Carvallo et al.
In order to put the TOGETHER trial on ivermectin in context, let’s compare it to what Scott has to say about the Carvallo trial:
Carvallo et al: This one has all the disadvantages of Espitia-Hernandez, plus it’s completely unreadable. It’s hard to figure out how many patients there were, whether it was an RCT or not, etc.
I’ll grant that the paper isn’t written well at all, though it does make clear that it was not a randomized trial.
It looks like maybe there were 42 experimentals and 14 controls, and the controls were about 10x more likely to die than the experimentals. Seems pretty bad.
That was the outpatient portion of the trial. In the inpatient portion, they report treating 135 patients with ivermectin and having zero hospitalization. Again, not a well-written paper, so I understand the frustration.
On the other hand, another Carvallo paper was retracted because of fraud:
There’s that “F” word again…
Also, that other paper isn’t actually retracted. Here, see for yourself.
apparently the hospital where the study supposedly took place said it never happened there.
So, this isn’t true, either. Scott’s source is almost certainly this Buzzfeed expose which is written as sensationally as possible. Even so, it says that Carvallo did provide Buzzfeed with the written ethics approval from the main hospital, Eurnekian, which they did not challenge.
So what is Scott talking about? Well, one of the three other hospitals, Cuenca Alta— from which a quarter of the participants were sourced—said it had “no record of participating in the study,” though a member of its ethics committee “acknowledged that staff members may have individually participated and noted that it is common in Argentina for employees to work at different hospitals.” Carvallo, speaking to a far more sympathetic journalist, said that after their initial encouraging results, “the union representing our health care workers demanded the prophylaxis be given to everyone [on staff] who wanted it.” Since the trial was approved and running at a major hospital, it’s not clear why—if the workers were participating in personal capacity through their union—additional ethics approvals were required. After all, healthcare workers—as far as the law is concerned—aren’t cattle, and can presumably make their own choices without the blessing of their employer. If there’s something amiss here, Buzzfeed hasn’t demonstrated it.
What’s more, the article continues:
A local Rotary Club donated $30,000 to purchase more PPE, Carvallo said, and the ivermectin and the carrageenan were donated by two drugmakers in Argentina.
BuzzFeed News was unable to reach one of the companies he cited, Laboratorios Panalab. But the other, Laboratorio Pablo Cassará, confirmed that it had provided both ivermectin and carrageenan to Carvallo’s study. According to company executive Roxana Pickenhayn, Carvallo had provided authorizations for his study; the main hospital where the research was done subsequently requested additional supplies. She noted that Cassará had also provided supplies for a copycat study in Argentina, which similarly found that the compounds were effective in preventing COVID.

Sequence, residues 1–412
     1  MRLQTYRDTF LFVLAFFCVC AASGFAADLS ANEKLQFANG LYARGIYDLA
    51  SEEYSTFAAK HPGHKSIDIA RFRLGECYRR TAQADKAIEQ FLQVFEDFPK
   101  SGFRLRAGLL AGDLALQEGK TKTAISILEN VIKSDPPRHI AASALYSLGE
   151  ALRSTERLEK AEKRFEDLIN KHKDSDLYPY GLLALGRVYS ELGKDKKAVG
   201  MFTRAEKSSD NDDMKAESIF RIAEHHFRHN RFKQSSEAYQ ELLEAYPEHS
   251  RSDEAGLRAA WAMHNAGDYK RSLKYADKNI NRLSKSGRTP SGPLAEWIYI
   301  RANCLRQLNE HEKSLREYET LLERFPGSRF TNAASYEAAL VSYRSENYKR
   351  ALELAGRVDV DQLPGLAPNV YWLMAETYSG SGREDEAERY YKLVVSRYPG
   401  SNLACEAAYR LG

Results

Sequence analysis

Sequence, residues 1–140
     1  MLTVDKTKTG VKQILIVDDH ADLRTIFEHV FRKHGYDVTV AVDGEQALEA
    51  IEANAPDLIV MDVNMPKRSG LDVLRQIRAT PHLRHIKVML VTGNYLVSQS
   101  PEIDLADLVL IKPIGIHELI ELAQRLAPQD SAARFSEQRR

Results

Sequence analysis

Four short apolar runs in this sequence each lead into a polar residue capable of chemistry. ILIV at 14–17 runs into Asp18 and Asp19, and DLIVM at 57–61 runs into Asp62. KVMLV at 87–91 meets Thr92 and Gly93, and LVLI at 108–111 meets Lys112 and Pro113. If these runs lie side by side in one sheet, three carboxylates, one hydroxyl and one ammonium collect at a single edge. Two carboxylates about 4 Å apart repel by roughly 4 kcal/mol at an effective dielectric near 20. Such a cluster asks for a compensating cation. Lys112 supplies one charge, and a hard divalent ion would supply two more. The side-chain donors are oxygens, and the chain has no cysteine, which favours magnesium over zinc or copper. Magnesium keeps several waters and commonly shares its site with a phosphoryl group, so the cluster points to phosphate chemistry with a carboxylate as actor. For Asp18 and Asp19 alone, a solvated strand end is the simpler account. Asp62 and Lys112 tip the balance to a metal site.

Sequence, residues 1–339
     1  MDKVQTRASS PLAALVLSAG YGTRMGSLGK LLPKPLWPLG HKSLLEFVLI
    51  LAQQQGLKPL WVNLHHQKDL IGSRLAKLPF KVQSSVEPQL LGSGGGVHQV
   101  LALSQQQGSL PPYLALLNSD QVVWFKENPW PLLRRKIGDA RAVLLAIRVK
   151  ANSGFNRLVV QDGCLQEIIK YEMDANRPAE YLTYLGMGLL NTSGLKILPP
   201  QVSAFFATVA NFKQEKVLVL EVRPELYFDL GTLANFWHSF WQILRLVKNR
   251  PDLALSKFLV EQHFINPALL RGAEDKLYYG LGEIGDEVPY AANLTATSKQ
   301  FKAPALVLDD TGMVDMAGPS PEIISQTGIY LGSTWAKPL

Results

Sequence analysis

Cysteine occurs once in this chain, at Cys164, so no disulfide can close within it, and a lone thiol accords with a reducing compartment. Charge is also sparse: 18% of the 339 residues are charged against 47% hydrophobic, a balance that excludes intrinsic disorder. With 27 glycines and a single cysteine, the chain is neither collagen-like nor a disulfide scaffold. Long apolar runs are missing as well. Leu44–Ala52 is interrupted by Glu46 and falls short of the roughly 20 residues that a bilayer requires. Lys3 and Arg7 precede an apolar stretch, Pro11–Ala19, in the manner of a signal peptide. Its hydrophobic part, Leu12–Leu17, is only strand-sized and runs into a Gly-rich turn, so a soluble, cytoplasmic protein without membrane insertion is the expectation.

I will note here that not only did Carvallo provide Buzzfeed with contacts to the suppliers, but the supplier Buzzfeed reached confirmed that they saw the authorization, provided the drugs, as well as resupplied the hospital directly. When it comes to the TOGETHER trial, not only do we not have similar confirmation, the investigators have never clarified the provenance of the drug they used. Also, there is some question as to the quality of the supply they used. After all, ivermectin effectiveness can vary based on the source, even if the pills claim to have the same amount of active substance.
The Buzzfeed article makes sure to highlight a statement that the trial “did not have approval from any accredited ethics committee or local health officials in that province,” according to members of the health ministry of Buenos Aires province. However, the context of the statement is unclear—and taken at face value—would appear to be false, given the ethics authorization from the Eurnekian hospital, which Buzzfeed didn’t question. The only other explanation is that there was some nuance missed in translation.
Back to Scott:
I can’t tell if this is a different version of that study, a pilot study for that study, or a different study by the same guy.
It’s a different study.
Anyway, it’s too confusing to interpret, shows implausible results, and is by a known fraudster, so I feel okay about ignoring this one.
There we go again with the “F” word. Retired endocrinologist, professor of internal medicine, and former director of one of Buenos Aires’ largest hospitals? Nah. “Known fraudster,” should do just fine. As far as I’ve seen, what we have is evidence of a badly run and written-up study. The accusations of fraud have not been demonstrated—and if anything—there is substantial confirmation that the trial did take place as described.